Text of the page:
I would propose a ministry of peace and social/community development. This would coordinate and bring under one roof all the social services that are scattered throughout the wide bureaucracy of government. This would include the Social Development Commission (SDC), which has never really functioned at its optimum and has a sordid history of being used as a political football by successive governments. Communities throughout Jamaica, especially in the inner-city areas, have never really felt the impact of the SDC despite the billions of dollars that have been spent on this agency over the years. Its functions are impatient of reform and bringing it under its own ministry may be just what the doctor requires. The Parenting Commission could also be brought under the aegis of this ministry.
It is clear that many of the social problems being experienced in the society have their origin in the lack of good parenting in the home. Families in Jamaica, again, especially those in inner-city communities, are under siege. They are besieged by marauding young gunmen who never had the benefit of living in a two-parent family household. Some of these parents should have never borne children themselves. They were equipped with neither the financial nor emotional resources necessary for this task.
Too many children are produced in our society without the benefit of well thought-out decisions by their parents. I know it sounds harsh to say this, but if the truth be told, it must be said that too many fathers are really sperm donors and many children the product of irresponsible sexual activity. These are some of the things that we will have to begin to grapple with as a society. We have refrained from calling a spade a spade and so have not expended the resources that are really needed to build resilient families. Let 2024 be the year we make a determined effort to so do. Let us establish a Parenting Commission with teeth.
And let us not just throw money at the problem in an effort to comfort the country that we are doing something about these presenting issues. Minister of National Security Dr Horace Chang has gone public with his lamentation regarding the billions of dollars that have been spent on social services with hardly any good result to support this spending. The reason for this is that money is spent in an eclectic and “chaka-chaka” way. A ministry of peace and social/community development would be instrumental in coordinating this spend. Then, perhaps, the right hand may know what the left is doing.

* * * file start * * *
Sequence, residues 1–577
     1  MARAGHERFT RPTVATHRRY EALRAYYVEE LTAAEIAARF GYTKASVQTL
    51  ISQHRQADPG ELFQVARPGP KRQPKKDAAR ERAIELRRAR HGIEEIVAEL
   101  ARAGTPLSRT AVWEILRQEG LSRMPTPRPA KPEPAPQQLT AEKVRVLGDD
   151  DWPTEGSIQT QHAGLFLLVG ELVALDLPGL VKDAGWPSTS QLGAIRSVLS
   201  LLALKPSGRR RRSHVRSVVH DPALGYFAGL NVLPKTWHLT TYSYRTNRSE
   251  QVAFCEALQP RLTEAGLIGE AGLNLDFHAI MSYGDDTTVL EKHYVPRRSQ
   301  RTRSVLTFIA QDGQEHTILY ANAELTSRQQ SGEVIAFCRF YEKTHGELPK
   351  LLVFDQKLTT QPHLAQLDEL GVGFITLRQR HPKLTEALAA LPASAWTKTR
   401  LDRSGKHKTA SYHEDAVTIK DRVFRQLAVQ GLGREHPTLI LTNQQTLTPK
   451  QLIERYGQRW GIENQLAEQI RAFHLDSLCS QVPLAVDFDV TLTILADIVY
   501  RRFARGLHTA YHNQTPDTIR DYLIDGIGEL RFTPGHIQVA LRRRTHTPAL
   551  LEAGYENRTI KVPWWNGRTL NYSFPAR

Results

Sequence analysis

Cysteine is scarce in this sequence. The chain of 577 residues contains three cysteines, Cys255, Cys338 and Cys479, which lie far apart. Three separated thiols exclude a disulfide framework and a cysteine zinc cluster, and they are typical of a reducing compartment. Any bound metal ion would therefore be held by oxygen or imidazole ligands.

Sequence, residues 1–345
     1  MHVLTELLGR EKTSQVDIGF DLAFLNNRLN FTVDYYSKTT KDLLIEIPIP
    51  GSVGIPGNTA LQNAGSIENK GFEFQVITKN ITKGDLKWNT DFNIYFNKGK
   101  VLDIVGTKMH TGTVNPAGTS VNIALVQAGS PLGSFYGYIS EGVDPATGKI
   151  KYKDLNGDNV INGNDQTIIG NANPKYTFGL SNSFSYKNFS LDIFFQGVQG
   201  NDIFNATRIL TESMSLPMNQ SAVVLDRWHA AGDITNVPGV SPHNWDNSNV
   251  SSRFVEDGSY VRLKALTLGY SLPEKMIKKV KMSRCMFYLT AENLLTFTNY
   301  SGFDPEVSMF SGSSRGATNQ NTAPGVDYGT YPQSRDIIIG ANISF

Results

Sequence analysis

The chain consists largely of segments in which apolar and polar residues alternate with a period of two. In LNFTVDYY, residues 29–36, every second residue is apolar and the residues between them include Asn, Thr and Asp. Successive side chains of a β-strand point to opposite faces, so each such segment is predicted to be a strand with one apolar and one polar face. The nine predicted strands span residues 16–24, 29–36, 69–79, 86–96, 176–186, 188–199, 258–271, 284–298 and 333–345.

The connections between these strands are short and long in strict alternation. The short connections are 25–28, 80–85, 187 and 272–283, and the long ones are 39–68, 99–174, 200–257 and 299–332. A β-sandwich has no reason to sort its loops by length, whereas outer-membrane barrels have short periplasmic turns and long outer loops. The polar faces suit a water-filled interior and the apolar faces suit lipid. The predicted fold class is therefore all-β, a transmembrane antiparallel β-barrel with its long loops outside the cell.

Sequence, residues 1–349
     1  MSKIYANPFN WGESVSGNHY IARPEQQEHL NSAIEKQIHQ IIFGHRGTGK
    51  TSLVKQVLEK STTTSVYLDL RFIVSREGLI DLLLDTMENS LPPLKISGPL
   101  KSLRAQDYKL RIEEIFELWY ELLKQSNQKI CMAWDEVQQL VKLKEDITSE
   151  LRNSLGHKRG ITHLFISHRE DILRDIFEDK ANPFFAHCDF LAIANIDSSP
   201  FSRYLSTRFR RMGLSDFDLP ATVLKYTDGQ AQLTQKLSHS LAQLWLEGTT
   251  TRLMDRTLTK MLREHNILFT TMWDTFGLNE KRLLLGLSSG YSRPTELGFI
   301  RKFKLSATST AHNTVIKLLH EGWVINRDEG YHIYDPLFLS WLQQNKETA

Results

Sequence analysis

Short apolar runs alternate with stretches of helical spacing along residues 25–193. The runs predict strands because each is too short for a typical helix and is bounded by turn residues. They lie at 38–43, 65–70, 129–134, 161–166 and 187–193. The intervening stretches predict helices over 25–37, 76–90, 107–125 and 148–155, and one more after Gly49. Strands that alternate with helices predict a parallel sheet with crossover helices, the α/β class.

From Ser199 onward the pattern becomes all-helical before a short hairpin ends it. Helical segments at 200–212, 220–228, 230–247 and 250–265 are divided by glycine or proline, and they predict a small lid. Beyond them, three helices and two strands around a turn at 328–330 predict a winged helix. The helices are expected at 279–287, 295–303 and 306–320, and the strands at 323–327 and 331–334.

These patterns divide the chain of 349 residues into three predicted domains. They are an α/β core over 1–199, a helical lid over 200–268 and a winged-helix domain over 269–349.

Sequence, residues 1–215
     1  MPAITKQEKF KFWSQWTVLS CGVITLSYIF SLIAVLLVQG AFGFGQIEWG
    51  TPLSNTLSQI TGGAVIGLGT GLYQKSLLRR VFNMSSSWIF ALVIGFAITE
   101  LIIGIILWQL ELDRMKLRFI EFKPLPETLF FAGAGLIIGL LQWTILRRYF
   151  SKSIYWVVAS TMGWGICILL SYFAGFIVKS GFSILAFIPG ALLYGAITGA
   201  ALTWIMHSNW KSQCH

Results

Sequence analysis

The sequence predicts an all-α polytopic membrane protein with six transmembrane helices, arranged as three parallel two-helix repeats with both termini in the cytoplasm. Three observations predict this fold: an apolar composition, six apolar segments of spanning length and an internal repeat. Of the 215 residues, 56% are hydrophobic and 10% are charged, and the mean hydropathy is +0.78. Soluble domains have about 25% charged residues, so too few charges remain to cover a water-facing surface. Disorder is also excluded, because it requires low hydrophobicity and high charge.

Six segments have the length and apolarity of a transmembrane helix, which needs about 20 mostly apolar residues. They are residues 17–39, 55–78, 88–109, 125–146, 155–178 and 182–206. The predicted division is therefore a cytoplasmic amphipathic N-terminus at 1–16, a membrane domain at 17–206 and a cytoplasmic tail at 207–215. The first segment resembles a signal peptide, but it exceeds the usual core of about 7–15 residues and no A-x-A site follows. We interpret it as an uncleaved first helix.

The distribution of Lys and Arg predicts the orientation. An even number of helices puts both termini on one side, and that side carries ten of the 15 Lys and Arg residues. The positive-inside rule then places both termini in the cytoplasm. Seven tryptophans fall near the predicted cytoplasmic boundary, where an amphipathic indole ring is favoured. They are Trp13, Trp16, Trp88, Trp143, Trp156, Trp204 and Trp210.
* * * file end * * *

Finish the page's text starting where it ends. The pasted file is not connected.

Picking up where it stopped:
Accent must be placed on community development, a portfolio that would be removed from the Ministry of Local Government. Community development as a concept has never functioned well under this ministry because it is a far more comprehensive project than the mere building of a community centre, encouraging young people to join sports leagues, or seeing that communities have street lights. Comprehensively, it has to do with the transformation of people’s lives for the better; helping people at the community level to understand that they are critical stakeholders in the future of the country; and removing from their midst the blight (zinc fences?) that makes them feel unappreciated.
Community development is about putting in place counselling and other dispute mechanisms that can help people to settle their differences without having to resort to violence. In this regard the Government should embark on a training programme in which young people are trained for community engagement as social workers and mental health and family counsellors. This will take money, but under a Ministry of Peace this could be assessed. The Church would also have a critical role to play in this regard.
If we mean business, let the work begin.
Dr Raulston Nembhard is a priest, social commentator, and author of the books Finding Peace in the Midst of Life’s Storms; The Self-esteem Guide to a Better Life; and Beyond Petulance: Republican Politics and the Future of America. Send comments to the Jamaica Observer or email@example.com.